If we are honest, it seems we'll have to admit that much research in the humanities has to do with topics about which the truth is of no direct importance; it has only this indirect importance, because people have come to care about it, for some reason or another.  And, I suspect, much research in mathematics, especially topics like large cardinal theory, also has this characteristic.  And frankly, I suspect that this is too of a great deal of science.  It's really cool that we are discovering the truth about whether there was ever water on Mars.  Perhaps its directly important, because someday we  will have colonies on Mars, or something we learn about Mars, that turns on whether there is water there, will lead to a cure for cancer or athlete's foot or God knows what.

Be that as it may, I don't think the money we spend on finding out whether Mars has water could be justified on a hard-nosed cost benefit analysis, any more than the (very modest) amounts we spend on learning minutae about the composition of the works of dead philosophers or novelists could be.  The truth about these things is most likely only important because people care about it. 

Sometimes philosophers and others, who love truth, and the search for truth, seek a more solid foundation for their enterprizes than that they care about the truth of the things they do research about it, and so do other people.  The search for truth becomes the true calling of humankind, the ineluctable denstiny of the Human Spirit, or something like that.  At that point, lovers of truth become purveryers of bullshit. 

Or so it seems to me right now.  Insight?  Or chronic constipation?

 

Comments (11)


Guest's picture

Guest

Monday, January 29, 2007 -- 4:00 PM

Great post, John, and great show, John, Ken, and H

Great post, John, and great show, John, Ken, and Harry.
In the Genealogy of Morals (I:1), Nietzsche says, "I hope from my heart they may be the reverse of this--that these investigators and microscopists of the soul may be fundamentally brave, proud, and magnanimous animals, who know how to keep their hearts as well as their sufferings in bounds and have trained themselves to sacrifice all desirability to truth, EVERY truth, even plain, harsh, ugly, unchristina, immoral truth. --For such truths exist."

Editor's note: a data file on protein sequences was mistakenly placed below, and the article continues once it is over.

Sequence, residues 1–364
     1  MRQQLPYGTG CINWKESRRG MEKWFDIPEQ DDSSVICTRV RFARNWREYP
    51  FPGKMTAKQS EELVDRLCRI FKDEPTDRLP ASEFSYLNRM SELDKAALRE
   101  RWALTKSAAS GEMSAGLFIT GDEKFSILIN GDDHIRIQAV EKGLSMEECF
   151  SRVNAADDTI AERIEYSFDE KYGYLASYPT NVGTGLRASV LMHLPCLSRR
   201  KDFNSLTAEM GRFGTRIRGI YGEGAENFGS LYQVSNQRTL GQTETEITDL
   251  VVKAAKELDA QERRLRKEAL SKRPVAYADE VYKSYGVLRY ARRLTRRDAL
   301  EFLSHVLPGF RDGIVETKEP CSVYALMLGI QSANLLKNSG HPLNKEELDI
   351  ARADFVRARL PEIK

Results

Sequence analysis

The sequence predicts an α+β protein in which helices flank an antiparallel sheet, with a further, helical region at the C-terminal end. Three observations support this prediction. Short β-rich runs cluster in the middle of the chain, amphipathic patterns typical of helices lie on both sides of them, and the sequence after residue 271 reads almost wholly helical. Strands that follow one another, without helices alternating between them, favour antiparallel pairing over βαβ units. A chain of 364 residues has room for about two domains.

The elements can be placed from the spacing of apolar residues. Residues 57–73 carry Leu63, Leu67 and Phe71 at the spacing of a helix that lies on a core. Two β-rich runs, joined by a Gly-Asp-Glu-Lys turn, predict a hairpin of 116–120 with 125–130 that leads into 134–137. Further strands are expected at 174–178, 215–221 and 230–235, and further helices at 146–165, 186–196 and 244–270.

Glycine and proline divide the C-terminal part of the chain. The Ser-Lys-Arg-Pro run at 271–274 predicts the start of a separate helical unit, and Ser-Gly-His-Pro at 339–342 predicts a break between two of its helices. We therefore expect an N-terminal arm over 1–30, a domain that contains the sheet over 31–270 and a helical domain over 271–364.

This is a strong claim, and I don't really know if Nietzsche believes it--the claim that we have an overriding interest in finding out every truth. Even the claim that we have a prima facie interest in doing so seems implausible to me, but the stronger claim is manifestly implausible. So suppose a baby is drowning in the bathtub. You know you could go to your library and figure out which book is the 57th book from the left on your middle bookshelf, and then you could add up the words on page 23 of that book. You would have got a truth for yourself, but you also know that you couldn't save the baby if you do this. Well, you see where this is going.
I guess it is an obvious point, made by both John and Ken on the show, that we don't care about MANY truths, and surely we have other interests that must frame and guide our pursuit of our interest in truth. Presumably, Harry would agree. Given this, it is a bit harder to formulate the exact thesis of someone holding to the importance of truth--it seems disapointing to say that we have an interest--a strong interest--in pursuing and finding the truth in certain (although not all) areas, an interest which is one of many, and which is not necessarily overriding. Unexciting, but true?

Guest's picture

Guest

Monday, January 29, 2007 -- 4:00 PM

woops--in the quote from Nietzsche, "unchritina" s

woops--in the quote from Nietzsche, "unchritina" should (obviously) have been "unchristian".

Guest's picture

Guest

Tuesday, January 30, 2007 -- 4:00 PM

Your audience is perhaps unaware of the obscure se

Your audience is perhaps unaware of the obscure semantic paradox that is really called "The Bullshitter." Like its better-known cousin the "Liar" paradox, "The Bullshitter" requires identifying a sentence that says of itself "I am false." The problem is that nobody cares enough about "The Bullshitter" to actually construct the paradox! (Uh, that's a joke....)